Logroño is situated a bit farther south in the La Rioja wine country where it borders on Basque Country. This modern town is the region’s capital city.
Logroño is very familiar to pilgrims. However, it’s less for the wine than for the Way of St. James, which runs through the town’s busy narrow streets to Santiago de Compostela.
The shell symbol of the Way of St. James is omnipresent on buildings and hostels in the town as well as on backpacks from all over the world.
Katja and I made the pilgrimage to Logroño mainly for the golf course — naturally on four wheels ;-)
The golf course lies just outside town, surrounded by the 1,100 acre La Grajera Nature Reserve.
I reported about my experiences on recommended Basque Country golf courses in this article.
6. Laguardia, a picturesque town
Laguardia is a small medieval town in the famous Rioja Alavesa wine region, in the southernmost part of Basque Country.
It perches on the left bank of the Ebro river, which forms the boundary with the neighboring La Rioja region.
Like in a picture book, the fortified town thrones on a hill. Encircling it is the city wall with its towers. In past ages, Laguardia was an important lookout point.
Walking through the city gate and what remains of the city wall is like walking back in time.
Strolling through the idyllic narrow streets of Laguardia is definitely recommended, not least because of the wine cellar bars and restaurants that line them.
Ease to a stop in one of them to imbibe a glass of wine or a zurrito – a small beer – while enjoying a pintxo along with them.
Touring a winery should be part of any program in this part of Basque Country, for Laguardia is its capital of wine.
Under most of the Old Town lie cellars in which wine is pressed, aged, and stored. Some of these are open to the public.
Beyond that, I recommend visiting one of the many state-of-the-art wineries in the countryside surrounding the town (see the next section).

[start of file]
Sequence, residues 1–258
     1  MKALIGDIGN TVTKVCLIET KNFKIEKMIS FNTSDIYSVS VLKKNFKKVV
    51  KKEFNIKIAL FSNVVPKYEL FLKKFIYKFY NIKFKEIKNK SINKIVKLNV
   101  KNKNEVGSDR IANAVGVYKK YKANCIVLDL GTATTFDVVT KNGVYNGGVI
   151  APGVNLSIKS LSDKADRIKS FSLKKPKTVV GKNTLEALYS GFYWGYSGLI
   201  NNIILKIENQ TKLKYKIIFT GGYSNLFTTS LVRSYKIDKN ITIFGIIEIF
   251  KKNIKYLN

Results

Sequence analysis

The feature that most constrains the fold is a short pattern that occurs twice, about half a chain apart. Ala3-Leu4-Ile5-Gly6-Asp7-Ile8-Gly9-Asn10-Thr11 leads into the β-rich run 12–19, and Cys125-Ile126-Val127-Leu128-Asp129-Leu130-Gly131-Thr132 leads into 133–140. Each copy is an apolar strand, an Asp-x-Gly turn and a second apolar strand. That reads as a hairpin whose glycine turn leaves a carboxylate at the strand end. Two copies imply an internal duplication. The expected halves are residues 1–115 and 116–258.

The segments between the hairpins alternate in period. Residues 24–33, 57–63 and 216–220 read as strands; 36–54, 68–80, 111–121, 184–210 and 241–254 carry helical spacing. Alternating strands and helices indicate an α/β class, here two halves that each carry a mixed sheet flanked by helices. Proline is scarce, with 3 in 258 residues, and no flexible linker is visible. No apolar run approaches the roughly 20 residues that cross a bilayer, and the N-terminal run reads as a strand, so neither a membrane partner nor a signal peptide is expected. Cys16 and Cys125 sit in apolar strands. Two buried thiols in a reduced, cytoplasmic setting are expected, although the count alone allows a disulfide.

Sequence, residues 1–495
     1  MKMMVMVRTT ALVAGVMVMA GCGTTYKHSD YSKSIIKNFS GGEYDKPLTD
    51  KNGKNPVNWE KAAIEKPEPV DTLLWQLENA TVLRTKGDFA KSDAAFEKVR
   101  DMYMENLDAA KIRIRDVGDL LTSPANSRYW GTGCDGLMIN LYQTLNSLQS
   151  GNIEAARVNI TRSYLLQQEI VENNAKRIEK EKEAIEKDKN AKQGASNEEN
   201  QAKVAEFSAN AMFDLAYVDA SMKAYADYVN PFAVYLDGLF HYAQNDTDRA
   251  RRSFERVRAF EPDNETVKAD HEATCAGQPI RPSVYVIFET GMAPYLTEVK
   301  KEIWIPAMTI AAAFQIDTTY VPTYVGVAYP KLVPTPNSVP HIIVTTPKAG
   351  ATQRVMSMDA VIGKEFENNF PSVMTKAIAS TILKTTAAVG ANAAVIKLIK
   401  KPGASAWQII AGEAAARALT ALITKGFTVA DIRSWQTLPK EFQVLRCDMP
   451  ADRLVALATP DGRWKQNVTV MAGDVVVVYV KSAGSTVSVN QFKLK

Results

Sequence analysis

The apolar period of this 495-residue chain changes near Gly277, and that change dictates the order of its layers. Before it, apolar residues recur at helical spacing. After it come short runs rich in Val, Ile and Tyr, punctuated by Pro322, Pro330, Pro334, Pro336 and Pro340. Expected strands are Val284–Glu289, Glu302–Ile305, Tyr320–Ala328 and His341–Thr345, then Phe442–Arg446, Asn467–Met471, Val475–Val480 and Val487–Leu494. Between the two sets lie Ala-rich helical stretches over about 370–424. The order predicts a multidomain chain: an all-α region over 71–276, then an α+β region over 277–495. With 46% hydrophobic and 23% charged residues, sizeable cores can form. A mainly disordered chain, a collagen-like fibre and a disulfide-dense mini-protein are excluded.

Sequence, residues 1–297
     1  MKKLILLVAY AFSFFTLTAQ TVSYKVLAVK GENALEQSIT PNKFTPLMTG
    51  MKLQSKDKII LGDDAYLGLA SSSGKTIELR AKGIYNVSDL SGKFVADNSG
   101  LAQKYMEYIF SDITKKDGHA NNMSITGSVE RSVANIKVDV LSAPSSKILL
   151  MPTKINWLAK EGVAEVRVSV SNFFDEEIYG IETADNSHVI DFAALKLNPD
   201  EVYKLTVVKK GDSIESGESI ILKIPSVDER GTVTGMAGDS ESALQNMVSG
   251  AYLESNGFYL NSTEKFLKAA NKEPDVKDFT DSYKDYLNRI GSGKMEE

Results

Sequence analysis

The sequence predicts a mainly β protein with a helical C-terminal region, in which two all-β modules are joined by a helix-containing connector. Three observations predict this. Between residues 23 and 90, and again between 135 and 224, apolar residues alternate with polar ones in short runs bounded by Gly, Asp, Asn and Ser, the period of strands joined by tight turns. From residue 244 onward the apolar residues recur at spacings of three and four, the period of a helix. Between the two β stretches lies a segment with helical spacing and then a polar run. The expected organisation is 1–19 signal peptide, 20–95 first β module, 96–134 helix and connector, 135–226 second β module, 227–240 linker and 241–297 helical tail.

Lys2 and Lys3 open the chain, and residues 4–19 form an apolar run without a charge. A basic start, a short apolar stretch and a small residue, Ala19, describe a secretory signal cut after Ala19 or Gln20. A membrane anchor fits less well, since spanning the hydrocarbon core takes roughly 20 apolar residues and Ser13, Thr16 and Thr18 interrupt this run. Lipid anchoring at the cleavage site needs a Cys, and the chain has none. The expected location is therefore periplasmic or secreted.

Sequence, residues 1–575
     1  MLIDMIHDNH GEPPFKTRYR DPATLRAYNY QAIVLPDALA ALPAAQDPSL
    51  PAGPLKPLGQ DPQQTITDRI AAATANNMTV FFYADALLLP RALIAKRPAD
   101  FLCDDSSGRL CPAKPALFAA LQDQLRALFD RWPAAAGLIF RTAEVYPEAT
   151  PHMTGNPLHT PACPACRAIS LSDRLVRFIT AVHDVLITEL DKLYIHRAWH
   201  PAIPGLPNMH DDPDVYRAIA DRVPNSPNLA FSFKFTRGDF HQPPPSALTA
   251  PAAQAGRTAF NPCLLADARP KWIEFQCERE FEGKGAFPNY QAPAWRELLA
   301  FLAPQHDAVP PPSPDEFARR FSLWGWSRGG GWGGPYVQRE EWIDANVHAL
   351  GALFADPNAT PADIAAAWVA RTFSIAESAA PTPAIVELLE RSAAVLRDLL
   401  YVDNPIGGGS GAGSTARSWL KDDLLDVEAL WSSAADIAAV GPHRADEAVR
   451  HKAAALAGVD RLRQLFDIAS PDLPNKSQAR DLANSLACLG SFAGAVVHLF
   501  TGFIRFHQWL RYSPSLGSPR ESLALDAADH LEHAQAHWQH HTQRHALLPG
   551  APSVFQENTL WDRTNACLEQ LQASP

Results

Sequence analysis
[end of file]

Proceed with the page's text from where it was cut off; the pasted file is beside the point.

7. Wineries in Basque Country and La Rioja
As noted, the Rioja Alavesa region stretches in southern Basque Country between the river Ebro and the Sierra de Cantabria mountains.
In the north, the vineyards are sheltered by the Sierra de Cantabria and Sierra de Toloño mountain chains.
In La Rioja wine country there are more than 300 wineries!
Some of them are done in modern form by celebrity architects. The Bodegas Ysioa winery, for example, was designed by the Spanish architect Santiago Calatrava.
The Rioja Alavesa wine road offers various wine-centered activities, ranging from winery tours to gastronomic guided tours to wine-based wellness therapies (there’s nothing they haven’t thought of!).
The most famous of all wineries, however, is probably the Marqués de Riscal: the attached hotel came from the drafting pencil of the American Frank Gehry.
7. Hotel Marqués de Riscal in Elciego
Far away the most spectacular winery in Rioja Alavesa is the Herederos de Marqués de Riscal. The hotel on its ground is also an eye-catcher without equal.
It almost seems a bit crazy what star architect Frank Gehry has wrought here in the deconstructive style:
The faintly pink-colored roof of stainless steel sheets is supposed to reflect the color of the vines growing all around it. We start to see it clearly after we had a couple of glasses of Rioja…
But the hotel does not only captivate with its architecture. It is also worth a visit for its restaurant El Gastronómico by starred chef Francis Paniego (one Michelin star). I wrote all about his menu in this gourmet review from Basque Country.
Speaking of architecture, another architecturally fascinating (and somewhat more reasonably-priced) hotel is found in the immediate vicinity: Hotel Viura in Villabuena de Álava. Hier is my review of its gourmet restaurant.
In Viura alone, for 300 inhabitants there are 43 wineries!
And why not!
9. Gourmet restaurants in Basque Country
Basque Country is a paradise for gourmands. In hardly any other region can you find so many stars as in Euskadi, as the Basques call their home country.
We let ourselves be entertained by several creative starred chefs during our road trip through Basque country. I devoted an entire foodie article to them.
So, to sum up: Basque Country has lots to offer!
The best way to get there from Zurich is by air via Swiss, which operates a direct flight to Bilbao.
A rental car is indispensable for making the recommended circle tour.
Incidentally, an equallymarvelous circle tour can be done in Andalusia in the south of Spain!